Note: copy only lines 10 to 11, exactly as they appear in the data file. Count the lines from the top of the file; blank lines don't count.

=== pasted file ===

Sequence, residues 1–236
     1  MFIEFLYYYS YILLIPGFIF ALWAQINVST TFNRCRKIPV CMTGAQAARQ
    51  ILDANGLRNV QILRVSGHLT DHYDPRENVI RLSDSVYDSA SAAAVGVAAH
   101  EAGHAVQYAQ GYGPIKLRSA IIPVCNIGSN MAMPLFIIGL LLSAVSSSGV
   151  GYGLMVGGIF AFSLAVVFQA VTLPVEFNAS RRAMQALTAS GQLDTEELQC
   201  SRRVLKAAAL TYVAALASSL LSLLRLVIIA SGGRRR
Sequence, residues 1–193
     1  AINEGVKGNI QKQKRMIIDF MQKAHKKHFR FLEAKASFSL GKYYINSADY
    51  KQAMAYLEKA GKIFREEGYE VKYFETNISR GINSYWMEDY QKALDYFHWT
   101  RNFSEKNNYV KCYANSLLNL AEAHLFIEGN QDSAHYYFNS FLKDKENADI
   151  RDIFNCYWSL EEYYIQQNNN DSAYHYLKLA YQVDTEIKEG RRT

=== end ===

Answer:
   101  RNFSEKNNYV KCYANSLLNL AEAHLFIEGN QDSAHYYFNS FLKDKENADI
   151  RDIFNCYWSL EEYYIQQNNN DSAYHYLKLA YQVDTEIKEG RRT